Jim Bouton celebrated his 75th birthday on March 8th.
Not least among his accomplishments is his membership in the Baseball Reliquary's Shrine of the Eternals. He was selected in the third year of balloting, after having drawn only 4% of the vote on the initial ballot.
Jim was the only candidate who received such a low voting percentage in the Reliquary's initial ballot to be retained on the candidate list in the second year.
His appearance in Pasadena for the 2001 induction ceremony was a turning point with respect to the Reliquary's media scrutiny.
His landmark book, Ball Four (an inspired title choice), remains an entertaining read and a fascinating time capsule of a tumultuous year in American history. There are distant echoes of the culture clash in America at the time (keep in mind that the Vietnam War was still being fought in 1969, and there were still two very strong and diametrically opposed opinions about it) and Bouton finds ways to allude to those events even as he chronicles the bittersweet comedy of the Seattle Pilots' lone season of existence.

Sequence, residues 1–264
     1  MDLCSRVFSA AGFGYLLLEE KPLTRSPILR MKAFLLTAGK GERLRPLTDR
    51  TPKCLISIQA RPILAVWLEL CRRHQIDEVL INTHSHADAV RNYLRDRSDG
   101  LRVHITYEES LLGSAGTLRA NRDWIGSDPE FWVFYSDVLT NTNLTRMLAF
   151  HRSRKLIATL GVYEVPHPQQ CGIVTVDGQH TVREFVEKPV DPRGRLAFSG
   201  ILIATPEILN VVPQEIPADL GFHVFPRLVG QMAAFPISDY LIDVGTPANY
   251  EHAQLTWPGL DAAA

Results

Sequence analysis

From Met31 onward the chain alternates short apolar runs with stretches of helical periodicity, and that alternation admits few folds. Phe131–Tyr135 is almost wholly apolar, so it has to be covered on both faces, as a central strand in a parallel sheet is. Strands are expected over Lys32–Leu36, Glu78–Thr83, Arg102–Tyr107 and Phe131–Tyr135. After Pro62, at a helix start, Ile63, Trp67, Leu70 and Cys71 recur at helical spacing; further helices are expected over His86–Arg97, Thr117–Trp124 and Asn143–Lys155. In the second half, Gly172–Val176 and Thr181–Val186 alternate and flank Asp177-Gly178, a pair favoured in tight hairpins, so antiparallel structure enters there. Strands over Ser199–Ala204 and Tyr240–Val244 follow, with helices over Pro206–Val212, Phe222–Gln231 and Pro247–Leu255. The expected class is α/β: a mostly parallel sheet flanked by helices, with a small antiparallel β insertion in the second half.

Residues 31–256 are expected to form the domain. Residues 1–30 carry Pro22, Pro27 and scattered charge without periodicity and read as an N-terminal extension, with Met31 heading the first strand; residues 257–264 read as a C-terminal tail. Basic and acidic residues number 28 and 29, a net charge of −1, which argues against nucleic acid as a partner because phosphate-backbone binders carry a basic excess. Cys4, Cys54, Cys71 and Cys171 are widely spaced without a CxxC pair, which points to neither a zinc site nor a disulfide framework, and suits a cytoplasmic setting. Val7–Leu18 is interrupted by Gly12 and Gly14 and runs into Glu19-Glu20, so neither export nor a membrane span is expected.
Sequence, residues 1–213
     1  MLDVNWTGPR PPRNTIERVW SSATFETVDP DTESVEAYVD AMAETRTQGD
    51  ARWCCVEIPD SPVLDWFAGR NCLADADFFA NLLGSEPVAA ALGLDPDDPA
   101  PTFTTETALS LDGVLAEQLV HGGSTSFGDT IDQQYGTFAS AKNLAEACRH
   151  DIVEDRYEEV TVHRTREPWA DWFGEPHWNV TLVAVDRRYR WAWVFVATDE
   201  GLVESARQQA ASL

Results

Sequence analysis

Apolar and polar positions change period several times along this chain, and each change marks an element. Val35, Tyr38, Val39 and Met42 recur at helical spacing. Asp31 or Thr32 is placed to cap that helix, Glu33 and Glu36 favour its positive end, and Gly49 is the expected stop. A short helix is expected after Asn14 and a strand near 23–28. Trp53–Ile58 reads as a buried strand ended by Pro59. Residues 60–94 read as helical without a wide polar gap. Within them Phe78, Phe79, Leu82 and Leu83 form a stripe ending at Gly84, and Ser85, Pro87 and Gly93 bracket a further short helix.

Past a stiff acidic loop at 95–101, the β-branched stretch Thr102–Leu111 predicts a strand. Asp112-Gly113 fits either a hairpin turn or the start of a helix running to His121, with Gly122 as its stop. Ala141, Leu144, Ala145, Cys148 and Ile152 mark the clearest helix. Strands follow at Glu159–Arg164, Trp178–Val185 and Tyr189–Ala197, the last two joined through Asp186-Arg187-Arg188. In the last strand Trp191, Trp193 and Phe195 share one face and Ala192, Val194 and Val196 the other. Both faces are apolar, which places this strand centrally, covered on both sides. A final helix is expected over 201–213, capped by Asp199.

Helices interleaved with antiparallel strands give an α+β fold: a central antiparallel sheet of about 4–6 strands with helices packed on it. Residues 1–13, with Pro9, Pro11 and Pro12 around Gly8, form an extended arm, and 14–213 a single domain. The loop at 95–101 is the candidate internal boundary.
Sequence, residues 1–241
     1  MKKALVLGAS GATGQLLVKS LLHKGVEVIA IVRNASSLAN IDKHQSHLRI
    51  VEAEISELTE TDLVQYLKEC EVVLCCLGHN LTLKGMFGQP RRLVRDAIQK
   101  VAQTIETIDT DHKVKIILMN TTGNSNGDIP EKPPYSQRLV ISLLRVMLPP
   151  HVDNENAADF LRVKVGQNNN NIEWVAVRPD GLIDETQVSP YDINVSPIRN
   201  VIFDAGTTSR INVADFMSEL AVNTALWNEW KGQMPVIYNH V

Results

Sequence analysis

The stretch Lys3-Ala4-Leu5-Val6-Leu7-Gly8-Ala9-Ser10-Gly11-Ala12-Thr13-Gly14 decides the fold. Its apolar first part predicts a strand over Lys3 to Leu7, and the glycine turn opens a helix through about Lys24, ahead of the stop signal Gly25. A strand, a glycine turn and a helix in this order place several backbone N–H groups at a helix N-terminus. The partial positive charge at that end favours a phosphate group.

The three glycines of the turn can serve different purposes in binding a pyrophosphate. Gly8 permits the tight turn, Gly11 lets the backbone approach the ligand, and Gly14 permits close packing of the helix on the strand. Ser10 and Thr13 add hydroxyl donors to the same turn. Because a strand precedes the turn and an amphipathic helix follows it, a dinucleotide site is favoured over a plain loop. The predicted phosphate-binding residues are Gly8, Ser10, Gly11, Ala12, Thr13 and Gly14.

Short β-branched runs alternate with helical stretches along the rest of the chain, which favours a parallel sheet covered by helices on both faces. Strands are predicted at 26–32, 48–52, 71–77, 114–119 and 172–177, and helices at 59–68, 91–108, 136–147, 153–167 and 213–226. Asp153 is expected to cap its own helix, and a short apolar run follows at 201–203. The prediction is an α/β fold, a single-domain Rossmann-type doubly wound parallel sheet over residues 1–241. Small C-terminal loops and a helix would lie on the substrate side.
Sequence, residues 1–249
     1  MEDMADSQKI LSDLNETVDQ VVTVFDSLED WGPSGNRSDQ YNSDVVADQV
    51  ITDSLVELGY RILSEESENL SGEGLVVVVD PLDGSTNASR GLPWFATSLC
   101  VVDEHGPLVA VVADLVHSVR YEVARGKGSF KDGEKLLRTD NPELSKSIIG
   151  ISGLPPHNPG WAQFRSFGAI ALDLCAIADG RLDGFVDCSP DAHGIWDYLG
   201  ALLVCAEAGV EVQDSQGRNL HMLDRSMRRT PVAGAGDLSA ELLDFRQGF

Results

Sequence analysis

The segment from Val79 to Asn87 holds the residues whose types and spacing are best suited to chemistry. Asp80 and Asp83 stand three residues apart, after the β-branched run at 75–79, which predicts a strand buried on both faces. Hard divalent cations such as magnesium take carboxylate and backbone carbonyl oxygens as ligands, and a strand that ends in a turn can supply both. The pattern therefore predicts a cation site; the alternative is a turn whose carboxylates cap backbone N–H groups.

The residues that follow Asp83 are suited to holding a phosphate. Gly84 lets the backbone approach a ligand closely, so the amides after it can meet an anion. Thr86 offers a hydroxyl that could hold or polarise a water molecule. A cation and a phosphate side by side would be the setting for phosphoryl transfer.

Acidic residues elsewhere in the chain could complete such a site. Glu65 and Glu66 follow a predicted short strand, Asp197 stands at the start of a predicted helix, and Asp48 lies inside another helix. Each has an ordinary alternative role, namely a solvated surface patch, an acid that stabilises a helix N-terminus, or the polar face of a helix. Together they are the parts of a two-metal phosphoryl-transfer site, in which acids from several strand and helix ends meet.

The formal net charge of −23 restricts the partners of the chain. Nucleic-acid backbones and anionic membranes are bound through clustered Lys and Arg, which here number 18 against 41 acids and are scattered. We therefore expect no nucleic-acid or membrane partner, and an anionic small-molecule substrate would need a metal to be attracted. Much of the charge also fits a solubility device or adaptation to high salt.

Ben Sakoguchi gives Bouton a starry-eyed background befitting his media celebrity that following quickly in the wake of Ball Four's publication. He shows Jim's comic roots by capturing his early hell-for-leather pitching style (when he still had a fastball) and referencing his Crazy Guggenheim impersonation (something that Jim wisely abandoned when his fortunes--and those of the Yankees--took a nosedive in 1965).
Jim is one of the Reliquary inductees who understands its unique stance. The Reliquary in turn has recognized the influence of Bouton's approach to the game on its own evolving mission. It's not a surprise that the Reliquary hosted a fortieth anniversary bash for Ball Four in 2010, and is likely to do so again when the book turns fifty in 2020.
Place name check: Balls Ferry, CA is yet another of Ben's impossibly obscure California locations. It is a small fishing resort on the Sacramento River just outside the town of Anderson, CA (population 9, 932 as of the 2010 census, located about one hundred fifty miles due north of Sacramento and ten miles south of Redding).